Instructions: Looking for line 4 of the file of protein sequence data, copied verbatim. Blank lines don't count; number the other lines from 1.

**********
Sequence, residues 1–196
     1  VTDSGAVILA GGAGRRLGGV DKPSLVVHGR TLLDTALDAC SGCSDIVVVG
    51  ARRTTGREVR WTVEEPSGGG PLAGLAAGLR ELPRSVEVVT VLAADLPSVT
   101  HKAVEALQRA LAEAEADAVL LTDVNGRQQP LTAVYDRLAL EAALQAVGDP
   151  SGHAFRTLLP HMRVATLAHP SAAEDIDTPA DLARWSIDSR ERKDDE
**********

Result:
   101  HKAVEALQRA LAEAEADAVL LTDVNGRQQP LTAVYDRLAL EAALQAVGDP